In Figure 2, there are three stages in SGSF-064-1. First, before charging occurs, the EV and EVSE need to communicate so that they are ready for charging. Physical contact and CAN communication are established in this stage. Initial physical contacts via wired signal are the Pilot and Wake-up signals. The Pilot signal gives a reference for the communication and Wake-up is to alert the EV for the physical connection. Second, during charging, the EV and EVSE exchange basic messages on their status for smooth power transfer. Lastly, once the EV is full of charge, it sends notice to the EVSE and they start terminating the charging process. At that point, CAN communication is disabled, the connector is unlocked, and the wake-up signal is also disconnected.

6. Testing System

This section describes the structure of the testing system in Figure 3. The testing system consists of a PC and electric load, and both of them together represent the EV in a real-world charging process. The EVSE, the EV charger which is the system under test (SUT), is connected to the testing system. The EVSE has two pins for power delivery to the electric load, two for CAN communication via the CAN bus, and two for the Pilot and Wake-up signals, respectively. Especially CW-DIO32 [18], an I/O board, is utilized for communication of the Pilot and Wake-up signals between the EVSE and the PC as shown in Figure 2.
Figure 2. Flow diagram of a normal charging sequence.
Figure 2. Flow diagram of a normal charging sequence.
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Figure 3. Physical and logical connection between components in the testing system.
Figure 3. Physical and logical connection between components in the testing system.
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CW-DIO32 uses RS-485 and Modbus protocol in connecting with other devices. It works with 12-24 VDC and has 16 input and 16 output points with four commons. In addition, the relay coil, which enables power transfer from the EVSE to the load, is connected to the output port of the board. The PC runs as a tester, monitoring and administering the whole testing procedure. It also manages CW-DIO32 and the electric load. Inside the PC, it contains two applications: CANoe and test manager.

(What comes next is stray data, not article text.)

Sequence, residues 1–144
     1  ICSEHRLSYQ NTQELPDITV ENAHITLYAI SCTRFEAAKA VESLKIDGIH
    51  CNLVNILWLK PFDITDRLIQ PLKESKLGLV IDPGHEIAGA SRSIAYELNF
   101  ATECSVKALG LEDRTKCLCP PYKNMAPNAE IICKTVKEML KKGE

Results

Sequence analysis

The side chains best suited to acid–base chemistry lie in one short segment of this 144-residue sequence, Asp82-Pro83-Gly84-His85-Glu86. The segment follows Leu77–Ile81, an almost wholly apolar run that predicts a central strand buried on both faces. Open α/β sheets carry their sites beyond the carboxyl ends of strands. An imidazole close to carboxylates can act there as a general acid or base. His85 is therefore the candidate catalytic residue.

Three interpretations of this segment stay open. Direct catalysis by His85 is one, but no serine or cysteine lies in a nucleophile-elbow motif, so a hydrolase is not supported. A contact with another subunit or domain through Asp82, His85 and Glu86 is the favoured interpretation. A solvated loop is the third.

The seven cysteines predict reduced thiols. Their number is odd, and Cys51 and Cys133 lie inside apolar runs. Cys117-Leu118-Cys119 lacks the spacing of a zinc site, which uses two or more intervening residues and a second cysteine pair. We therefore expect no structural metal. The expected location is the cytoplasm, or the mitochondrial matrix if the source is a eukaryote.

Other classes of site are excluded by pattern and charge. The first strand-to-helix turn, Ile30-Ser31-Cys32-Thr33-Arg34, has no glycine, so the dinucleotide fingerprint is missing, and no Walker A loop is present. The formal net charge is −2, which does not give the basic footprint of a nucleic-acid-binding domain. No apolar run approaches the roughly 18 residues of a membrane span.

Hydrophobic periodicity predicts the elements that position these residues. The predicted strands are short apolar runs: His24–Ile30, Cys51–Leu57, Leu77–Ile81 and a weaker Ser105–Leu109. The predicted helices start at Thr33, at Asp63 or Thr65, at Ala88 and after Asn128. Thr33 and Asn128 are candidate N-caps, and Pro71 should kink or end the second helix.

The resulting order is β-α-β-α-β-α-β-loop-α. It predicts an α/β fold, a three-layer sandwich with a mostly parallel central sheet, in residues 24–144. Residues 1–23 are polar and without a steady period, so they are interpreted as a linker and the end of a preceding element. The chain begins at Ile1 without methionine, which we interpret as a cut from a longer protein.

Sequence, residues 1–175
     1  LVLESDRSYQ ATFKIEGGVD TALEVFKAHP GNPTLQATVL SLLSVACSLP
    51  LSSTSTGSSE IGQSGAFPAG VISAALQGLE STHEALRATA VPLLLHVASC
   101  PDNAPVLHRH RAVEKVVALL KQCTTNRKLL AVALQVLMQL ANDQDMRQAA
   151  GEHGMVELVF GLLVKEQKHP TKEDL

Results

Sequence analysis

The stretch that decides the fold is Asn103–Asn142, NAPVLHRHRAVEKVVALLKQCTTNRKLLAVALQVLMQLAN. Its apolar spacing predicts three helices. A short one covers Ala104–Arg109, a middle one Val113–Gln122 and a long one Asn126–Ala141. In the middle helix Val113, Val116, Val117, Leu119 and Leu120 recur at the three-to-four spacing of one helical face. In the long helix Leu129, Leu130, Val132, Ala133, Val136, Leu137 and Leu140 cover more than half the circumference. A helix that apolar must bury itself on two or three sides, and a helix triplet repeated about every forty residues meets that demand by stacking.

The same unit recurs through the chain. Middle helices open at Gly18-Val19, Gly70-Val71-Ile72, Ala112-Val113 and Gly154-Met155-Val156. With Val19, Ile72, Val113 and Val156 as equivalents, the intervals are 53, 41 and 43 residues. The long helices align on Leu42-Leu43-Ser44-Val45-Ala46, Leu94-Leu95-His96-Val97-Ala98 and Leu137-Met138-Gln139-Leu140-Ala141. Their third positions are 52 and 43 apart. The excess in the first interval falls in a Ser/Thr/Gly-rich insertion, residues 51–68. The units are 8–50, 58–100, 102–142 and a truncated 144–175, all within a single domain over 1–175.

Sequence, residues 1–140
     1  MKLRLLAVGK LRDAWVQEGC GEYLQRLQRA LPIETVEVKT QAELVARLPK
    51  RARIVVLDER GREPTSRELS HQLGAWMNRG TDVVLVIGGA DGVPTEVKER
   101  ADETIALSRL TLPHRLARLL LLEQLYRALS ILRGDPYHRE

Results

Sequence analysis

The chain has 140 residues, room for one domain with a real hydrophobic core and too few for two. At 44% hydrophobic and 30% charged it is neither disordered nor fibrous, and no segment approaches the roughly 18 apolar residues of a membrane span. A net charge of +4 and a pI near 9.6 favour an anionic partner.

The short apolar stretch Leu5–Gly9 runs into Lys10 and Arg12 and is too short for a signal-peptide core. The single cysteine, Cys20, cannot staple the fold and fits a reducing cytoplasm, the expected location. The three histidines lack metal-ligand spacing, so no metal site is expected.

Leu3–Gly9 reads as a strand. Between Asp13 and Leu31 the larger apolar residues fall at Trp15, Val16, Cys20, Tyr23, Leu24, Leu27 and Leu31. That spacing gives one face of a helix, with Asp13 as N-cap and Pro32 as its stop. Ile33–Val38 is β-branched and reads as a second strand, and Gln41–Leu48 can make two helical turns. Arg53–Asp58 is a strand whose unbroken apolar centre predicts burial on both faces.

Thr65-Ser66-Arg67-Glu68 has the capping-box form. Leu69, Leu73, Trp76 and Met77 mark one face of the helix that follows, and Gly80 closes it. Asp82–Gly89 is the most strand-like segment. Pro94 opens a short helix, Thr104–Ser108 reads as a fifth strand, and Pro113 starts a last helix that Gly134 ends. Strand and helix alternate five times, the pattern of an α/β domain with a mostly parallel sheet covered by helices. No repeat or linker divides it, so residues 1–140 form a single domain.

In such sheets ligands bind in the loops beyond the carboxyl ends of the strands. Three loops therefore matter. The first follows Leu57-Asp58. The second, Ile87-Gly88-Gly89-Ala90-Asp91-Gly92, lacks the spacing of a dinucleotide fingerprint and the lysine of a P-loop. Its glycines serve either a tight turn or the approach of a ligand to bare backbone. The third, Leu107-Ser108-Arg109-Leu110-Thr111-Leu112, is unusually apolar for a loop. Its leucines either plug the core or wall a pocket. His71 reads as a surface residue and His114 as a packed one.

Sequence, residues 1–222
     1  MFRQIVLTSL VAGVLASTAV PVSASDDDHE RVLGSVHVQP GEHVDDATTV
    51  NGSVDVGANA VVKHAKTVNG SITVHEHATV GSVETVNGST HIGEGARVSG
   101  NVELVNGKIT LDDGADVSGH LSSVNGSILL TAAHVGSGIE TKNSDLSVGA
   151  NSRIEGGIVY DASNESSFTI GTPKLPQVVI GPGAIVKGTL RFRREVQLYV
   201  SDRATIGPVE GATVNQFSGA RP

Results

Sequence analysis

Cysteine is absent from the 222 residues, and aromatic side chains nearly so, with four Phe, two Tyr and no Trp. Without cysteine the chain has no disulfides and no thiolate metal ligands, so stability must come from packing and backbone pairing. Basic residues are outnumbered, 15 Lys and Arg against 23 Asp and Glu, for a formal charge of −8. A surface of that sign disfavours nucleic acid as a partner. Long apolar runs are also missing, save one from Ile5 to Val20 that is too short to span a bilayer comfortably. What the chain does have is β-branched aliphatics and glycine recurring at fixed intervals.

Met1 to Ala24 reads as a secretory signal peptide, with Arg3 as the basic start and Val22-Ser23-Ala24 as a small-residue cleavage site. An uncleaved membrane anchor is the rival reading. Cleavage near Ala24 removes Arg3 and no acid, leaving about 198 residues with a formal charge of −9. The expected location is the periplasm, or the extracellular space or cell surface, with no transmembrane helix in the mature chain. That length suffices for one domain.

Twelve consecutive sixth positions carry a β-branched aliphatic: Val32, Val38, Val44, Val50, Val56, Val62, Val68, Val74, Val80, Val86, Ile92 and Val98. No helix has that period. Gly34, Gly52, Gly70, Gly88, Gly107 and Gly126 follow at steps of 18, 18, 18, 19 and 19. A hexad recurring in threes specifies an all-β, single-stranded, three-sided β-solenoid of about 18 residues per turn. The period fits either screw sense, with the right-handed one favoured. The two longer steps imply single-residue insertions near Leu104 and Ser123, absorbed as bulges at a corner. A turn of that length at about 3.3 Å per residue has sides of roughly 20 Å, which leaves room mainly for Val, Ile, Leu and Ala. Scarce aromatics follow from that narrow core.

CANoe is the main part of the testing system; it is the only part that has the privilege of giving orders and processing the received data. In contrast, the rest of the equipment is subjected to the CANoe instructions. CANoe runs a program written in CAPL. This program has two parts: the test case runner and port out. The test case runner performs a set of test cases while the port out is responsible for connecting CANoe with the RS232 bus whenever it is required. CANoe is connected directly to the EVSE through the CAN bus and to the test manager in the PC via the virtual RS232 bus.
The test manager is an application written in C#. It handles the electric load and the CW-DO32 board. Therefore, it contains the load manager and the I/O board manager as well. The load manager provides the load with an interface to configure it and to switch the charging modes of the electric load between constant volt (CV) and constant current (CC). It also monitors the input voltage of the electric load. On the other hand, the I/O board manager is used to control and monitor the CW-DIO32 manager. It enables us to observe the Pilot and Wake-up signals, and the status of the relay coil. During the testing, real components have been used. The EVSE is manufactured by PNE solution, Co, Ltd., Gyeonggi-do, and the DC electronic load by Chroma Systems Solutions. The testing system has been developed and tested in the KTL (Korean Testing Laboratory) as shown in Figure 4.
Figure 4. The testing system components.
Figure 4. The testing system components.
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The system secures the electric power connection using a relay. By default, the relay is set to off unless it gets a command from CANoe to turn on. As shown in Figure 3, CANoe has a virtual RS232 to communicate with the test manager which, in turn, controls the relay through CW-DIO32 via the RS485 bus. In cases where there is an error, such as getting a fault message or the test device CAN controller is forced into a bus off state, CANoe switches the relay off to save the system from being at risk.
Figure 5. Main window of the test manager.
Figure 5. Main window of the test manager.
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Conformance testing of EVSE can be performed in the test manager by choosing a desired testing mode. When the testing start button is pressed, CANoe begins running the testing process. The set of test cases is extracted from the SGSF-064-1 and written in CAPL. There are four testing modes or scenarios as depicted in Figure 5. The following are the testing modes.

6.1. Normal Charging

Normal charging is reserved for testing whether the EVSE can properly respond to the EV during the entire period. This testing procedure goes through eight small tests called test cases. Since it is for the conformance testing of the EVSE, it is assumed that the EV works ideally. The whole test ends when CAN communication is disconnected without any interruption or failure from either party. Figure 6 shows the results after applying the normal charging mode; the first column, Test Case Name, lists the test cases’ names that come under the test, while the second column, Verdict, shows the final result of each test case. The last column, Runtime, displays the time consumed by each test case.
Figure 6. Test runner in CANoe after successfully testing the normal charging mode.
Figure 6. Test runner in CANoe after successfully testing the normal charging mode.